NASA's Goddard Space Flight Center
Rob Gutro | Eurek Alert!
New research calculates capacity of North American forests to sequester carbon
16.07.2018 | University of California - Santa Cruz
Scientists discover Earth's youngest banded iron formation in western China
12.07.2018 | University of Alberta
For the first time ever, scientists have determined the cosmic origin of highest-energy neutrinos. A research group led by IceCube scientist Elisa Resconi, spokesperson of the Collaborative Research Center SFB1258 at the Technical University of Munich (TUM), provides an important piece of evidence that the particles detected by the IceCube neutrino telescope at the South Pole originate from a galaxy four billion light-years away from Earth.
To rule out other origins with certainty, the team led by neutrino physicist Elisa Resconi from the Technical University of Munich and multi-wavelength...
For the first time a team of researchers have discovered two different phases of magnetic skyrmions in a single material. Physicists of the Technical Universities of Munich and Dresden and the University of Cologne can now better study and understand the properties of these magnetic structures, which are important for both basic research and applications.
Whirlpools are an everyday experience in a bath tub: When the water is drained a circular vortex is formed. Typically, such whirls are rather stable. Similar...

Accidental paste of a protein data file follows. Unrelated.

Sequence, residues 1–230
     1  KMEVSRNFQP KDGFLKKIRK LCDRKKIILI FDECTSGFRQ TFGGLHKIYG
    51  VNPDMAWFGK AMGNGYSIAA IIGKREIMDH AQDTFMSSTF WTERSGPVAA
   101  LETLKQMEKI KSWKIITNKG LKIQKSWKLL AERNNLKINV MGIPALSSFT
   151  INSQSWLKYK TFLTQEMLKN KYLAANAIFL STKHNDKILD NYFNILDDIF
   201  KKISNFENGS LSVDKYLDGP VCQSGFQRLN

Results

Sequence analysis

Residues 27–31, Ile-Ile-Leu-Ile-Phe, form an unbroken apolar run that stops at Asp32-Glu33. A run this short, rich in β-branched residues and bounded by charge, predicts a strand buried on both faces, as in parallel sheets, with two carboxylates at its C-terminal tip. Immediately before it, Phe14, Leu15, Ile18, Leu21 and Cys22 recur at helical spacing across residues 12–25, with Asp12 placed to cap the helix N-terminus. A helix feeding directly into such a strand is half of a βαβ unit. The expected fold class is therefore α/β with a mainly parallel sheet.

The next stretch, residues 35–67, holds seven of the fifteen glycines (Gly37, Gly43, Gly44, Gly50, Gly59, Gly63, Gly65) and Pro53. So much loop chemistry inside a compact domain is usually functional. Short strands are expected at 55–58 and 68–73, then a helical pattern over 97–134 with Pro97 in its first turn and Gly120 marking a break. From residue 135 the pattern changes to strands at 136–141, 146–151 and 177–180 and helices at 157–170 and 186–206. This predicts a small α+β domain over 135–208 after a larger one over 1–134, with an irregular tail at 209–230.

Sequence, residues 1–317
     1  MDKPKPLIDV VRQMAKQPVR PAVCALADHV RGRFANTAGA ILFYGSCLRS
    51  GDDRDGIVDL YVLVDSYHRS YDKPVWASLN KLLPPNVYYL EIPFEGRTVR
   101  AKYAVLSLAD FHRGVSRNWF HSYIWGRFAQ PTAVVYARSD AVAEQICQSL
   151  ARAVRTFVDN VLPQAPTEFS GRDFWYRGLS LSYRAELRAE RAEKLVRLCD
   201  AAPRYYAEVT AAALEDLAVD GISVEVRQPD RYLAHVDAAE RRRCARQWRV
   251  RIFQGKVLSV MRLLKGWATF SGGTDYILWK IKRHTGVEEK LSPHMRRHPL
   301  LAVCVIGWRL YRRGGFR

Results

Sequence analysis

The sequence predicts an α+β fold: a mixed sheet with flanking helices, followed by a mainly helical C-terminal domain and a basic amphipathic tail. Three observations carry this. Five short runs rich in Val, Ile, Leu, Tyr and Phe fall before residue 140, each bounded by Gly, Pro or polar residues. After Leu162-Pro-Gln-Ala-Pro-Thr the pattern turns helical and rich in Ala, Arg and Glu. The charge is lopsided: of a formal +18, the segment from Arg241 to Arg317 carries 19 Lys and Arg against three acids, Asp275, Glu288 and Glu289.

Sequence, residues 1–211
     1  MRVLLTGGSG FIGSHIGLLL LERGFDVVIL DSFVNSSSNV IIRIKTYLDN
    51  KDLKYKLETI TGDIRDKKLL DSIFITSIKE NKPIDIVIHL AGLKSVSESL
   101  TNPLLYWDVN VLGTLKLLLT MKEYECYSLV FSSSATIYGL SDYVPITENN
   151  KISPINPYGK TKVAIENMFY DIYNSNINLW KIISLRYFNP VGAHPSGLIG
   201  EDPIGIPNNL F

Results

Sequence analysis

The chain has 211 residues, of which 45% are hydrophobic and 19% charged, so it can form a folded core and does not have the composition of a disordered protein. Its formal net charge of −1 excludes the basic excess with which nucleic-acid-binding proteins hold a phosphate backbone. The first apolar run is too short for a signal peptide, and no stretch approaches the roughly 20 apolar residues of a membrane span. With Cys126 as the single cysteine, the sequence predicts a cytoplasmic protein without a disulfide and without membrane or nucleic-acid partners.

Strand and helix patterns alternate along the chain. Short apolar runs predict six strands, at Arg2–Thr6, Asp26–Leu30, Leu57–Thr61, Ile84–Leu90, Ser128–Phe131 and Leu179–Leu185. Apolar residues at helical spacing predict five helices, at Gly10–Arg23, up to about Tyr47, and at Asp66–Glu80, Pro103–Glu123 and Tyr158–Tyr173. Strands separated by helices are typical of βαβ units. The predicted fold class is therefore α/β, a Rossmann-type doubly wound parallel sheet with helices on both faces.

Physicists working with Roland Wester at the University of Innsbruck have investigated if and how chemical reactions can be influenced by targeted vibrational excitation of the reactants. They were able to demonstrate that excitation with a laser beam does not affect the efficiency of a chemical exchange reaction and that the excited molecular group acts only as a spectator in the reaction.
A frequently used reaction in organic chemistry is nucleophilic substitution. It plays, for example, an important role in in the synthesis of new chemical...
Optical spectroscopy allows investigating the energy structure and dynamic properties of complex quantum systems. Researchers from the University of Würzburg present two new approaches of coherent two-dimensional spectroscopy.
"Put an excitation into the system and observe how it evolves." According to physicist Professor Tobias Brixner, this is the credo of optical spectroscopy....
Ultra-short, high-intensity X-ray flashes open the door to the foundations of chemical reactions. Free-electron lasers generate these kinds of pulses, but there is a catch: the pulses vary in duration and energy. An international research team has now presented a solution: Using a ring of 16 detectors and a circularly polarized laser beam, they can determine both factors with attosecond accuracy.
Free-electron lasers (FELs) generate extremely short and intense X-ray flashes. Researchers can use these flashes to resolve structures with diameters on the...
13.07.2018 | Event News
12.07.2018 | Event News
03.07.2018 | Event News
17.07.2018 | Information Technology
17.07.2018 | Materials Sciences
17.07.2018 | Power and Electrical Engineering